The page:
Proteolytic processing and activation of gingipain zymogens secreted by T9SS of Porphyromonas gingivalis

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  • Florian Veillard, Université de Strasbourg, CNRS, Insect Models of Innate Immunity (M3I; UPR9022), 67084, Strasbourg, France; Department of Oral Immunity and Infectious Diseases, University of Louisville School of Dentistry, Louisville, KY, USA. Electronic address: florian.veillard@gmail.com.
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  • Maryta Sztukowska, Department of Oral Immunity and Infectious Diseases, University of Louisville School of Dentistry, Louisville, KY, USA; University of Information Technology and Management, Rzeszow, Poland.
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  • Zuzanna Nowakowska, Department of Microbiology, Faculty of Biochemistry, Biophysics and Biotechnology, Jagiellonian University, Krakow, Poland; Malopolska Centre of Biotechnology, Jagiellonian University, Krakow, Poland.
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  • Danuta Mizgalska, Department of Microbiology, Faculty of Biochemistry, Biophysics and Biotechnology, Jagiellonian University, Krakow, Poland
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  • Ida B Thøgersen
  • Jan J Enghild
  • Matthew Bogyo, Department of Pathology and Department of Microbiology and Immunology, Stanford University School of Medicine, Stanford, CA, USA.
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  • Barbara Potempa, Department of Oral Immunity and Infectious Diseases, University of Louisville School of Dentistry, Louisville, KY, USA.
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  • Ky-Anh Nguyen, Discipline of Life Sciences, School of Dentistry, University of Sydney, Sydney, NSW, 2006, Australia; Institute of Dental Research, Westmead Centre for Oral Health, Sydney, NSW, 2145, Australia.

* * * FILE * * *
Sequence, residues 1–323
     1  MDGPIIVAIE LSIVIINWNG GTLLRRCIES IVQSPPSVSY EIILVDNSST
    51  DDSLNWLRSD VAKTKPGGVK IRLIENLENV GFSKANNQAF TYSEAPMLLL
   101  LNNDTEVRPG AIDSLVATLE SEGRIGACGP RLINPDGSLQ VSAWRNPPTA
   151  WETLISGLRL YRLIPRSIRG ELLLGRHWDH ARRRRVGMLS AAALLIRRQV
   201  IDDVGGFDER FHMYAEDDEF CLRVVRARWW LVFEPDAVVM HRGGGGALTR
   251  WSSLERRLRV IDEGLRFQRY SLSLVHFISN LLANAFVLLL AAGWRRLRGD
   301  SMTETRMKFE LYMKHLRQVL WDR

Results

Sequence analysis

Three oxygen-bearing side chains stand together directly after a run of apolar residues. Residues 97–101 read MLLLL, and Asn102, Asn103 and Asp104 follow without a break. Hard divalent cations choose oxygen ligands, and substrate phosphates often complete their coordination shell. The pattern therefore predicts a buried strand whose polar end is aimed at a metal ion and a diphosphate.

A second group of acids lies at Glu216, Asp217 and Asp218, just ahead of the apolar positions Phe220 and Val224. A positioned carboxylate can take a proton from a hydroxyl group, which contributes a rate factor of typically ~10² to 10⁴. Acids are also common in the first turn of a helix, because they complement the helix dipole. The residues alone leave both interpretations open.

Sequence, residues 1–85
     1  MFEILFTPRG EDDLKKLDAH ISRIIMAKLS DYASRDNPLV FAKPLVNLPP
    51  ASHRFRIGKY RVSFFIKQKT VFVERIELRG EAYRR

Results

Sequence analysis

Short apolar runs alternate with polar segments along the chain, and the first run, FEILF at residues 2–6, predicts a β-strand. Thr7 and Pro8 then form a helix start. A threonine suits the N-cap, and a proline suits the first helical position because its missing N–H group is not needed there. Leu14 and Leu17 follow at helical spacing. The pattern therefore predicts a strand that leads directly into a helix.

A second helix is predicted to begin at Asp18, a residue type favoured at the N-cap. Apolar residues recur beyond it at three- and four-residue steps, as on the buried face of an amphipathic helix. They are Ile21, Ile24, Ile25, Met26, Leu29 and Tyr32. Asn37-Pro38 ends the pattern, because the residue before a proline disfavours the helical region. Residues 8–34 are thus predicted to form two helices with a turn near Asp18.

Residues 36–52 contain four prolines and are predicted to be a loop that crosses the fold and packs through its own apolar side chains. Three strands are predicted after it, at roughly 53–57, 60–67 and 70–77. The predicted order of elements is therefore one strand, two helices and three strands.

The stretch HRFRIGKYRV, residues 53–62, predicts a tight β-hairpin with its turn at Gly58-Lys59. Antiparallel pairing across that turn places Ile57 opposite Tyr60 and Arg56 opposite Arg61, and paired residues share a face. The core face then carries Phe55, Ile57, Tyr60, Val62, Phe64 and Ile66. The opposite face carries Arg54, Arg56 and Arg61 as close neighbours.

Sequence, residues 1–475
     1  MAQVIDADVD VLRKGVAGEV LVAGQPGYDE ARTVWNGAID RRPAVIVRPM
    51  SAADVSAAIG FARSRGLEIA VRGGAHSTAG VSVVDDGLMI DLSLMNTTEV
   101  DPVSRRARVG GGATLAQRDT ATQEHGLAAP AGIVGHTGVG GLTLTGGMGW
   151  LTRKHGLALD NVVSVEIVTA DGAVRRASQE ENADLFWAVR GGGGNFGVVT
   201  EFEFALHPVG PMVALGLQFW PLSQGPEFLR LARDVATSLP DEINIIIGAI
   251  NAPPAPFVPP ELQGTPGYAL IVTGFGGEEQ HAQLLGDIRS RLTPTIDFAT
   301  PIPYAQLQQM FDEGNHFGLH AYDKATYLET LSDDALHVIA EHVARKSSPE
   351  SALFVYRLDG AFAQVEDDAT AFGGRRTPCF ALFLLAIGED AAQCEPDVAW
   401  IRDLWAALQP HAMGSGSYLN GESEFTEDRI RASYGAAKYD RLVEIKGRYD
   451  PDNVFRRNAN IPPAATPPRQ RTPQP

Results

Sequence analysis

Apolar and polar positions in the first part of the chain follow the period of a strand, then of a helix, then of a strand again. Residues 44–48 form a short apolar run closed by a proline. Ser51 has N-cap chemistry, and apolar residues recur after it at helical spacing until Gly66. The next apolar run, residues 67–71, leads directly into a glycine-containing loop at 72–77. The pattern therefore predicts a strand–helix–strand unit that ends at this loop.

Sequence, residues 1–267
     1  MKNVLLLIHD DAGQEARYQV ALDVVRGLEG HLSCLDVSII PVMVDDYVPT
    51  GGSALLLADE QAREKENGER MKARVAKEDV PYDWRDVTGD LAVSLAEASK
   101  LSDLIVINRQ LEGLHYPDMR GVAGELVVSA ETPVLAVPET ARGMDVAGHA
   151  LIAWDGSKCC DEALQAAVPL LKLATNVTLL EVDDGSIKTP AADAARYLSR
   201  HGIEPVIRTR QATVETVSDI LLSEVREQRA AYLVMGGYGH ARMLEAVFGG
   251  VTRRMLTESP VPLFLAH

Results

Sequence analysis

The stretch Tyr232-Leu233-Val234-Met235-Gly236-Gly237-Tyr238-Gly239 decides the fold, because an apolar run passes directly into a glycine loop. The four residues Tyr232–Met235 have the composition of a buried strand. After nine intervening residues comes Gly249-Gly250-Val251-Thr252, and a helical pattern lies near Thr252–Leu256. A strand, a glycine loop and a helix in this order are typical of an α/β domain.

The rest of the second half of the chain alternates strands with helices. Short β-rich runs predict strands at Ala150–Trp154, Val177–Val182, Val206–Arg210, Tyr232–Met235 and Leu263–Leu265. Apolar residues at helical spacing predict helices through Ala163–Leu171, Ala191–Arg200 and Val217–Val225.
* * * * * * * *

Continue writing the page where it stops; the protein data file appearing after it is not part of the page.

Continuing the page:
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  • Jan Potempa, Department of Oral Immunity and Infectious Diseases, University of Louisville School of Dentistry, Louisville, KY, USA; Department of Microbiology, Faculty of Biochemistry, Biophysics and Biotechnology, Jagiellonian University, Krakow, Poland. Electronic address: jan.potempa@icloud.com.

Porphyromonas gingivalis uses a type IX secretion system (T9SS) to deliver more than 30 proteins to the bacterial surface using a conserved C-terminal domain (CTD) as an outer membrane translocation signal. On the surface, the CTD is cleaved and an anionic lipopolysaccharide (A-PLS) is attached by PorU sortase. Among T9SS cargo proteins are cysteine proteases, gingipains, which are secreted as inactive zymogens requiring removal of an inhibiting N-terminal prodomain (PD) for activation. Here, we have shown that the gingipain proRgpB isolated from the periplasm of a T9SS-deficient P. gingivalis strain was stable and did not undergo autocatalytic activation. Addition of purified, active RgpA or RgpB, but not Lys-specific Kgp, efficiently cleaved the PD of proRgpB but catalytic activity remained inhibited because of inhibition of the catalytic domain in trans by the PD. In contrast, active RgpB was generated from the zymogen, although at a slow rate, by gingipain-null P. gingivalis lysate or intact bacterial cell suspension. This activation was dependent on the presence of the PorU sortase. Interestingly, maturation of proRgpB with the catalytic cysteine residues mutated to Ala expressed in the ΔRgpA mutant strain was indistinguishable from that in the parental strain. Cumulatively, this suggests that PorU not only has sortase activity but is also engaged in activation of gingipain zymogens on the bacterial cell surface.

OriginalsprogEngelsk
TidsskriftBiochimie
Vol/bind166
Sider (fra-til)161-172
Antal sider12
ISSN0300-9084
DOI
StatusUdgivet - nov. 2019

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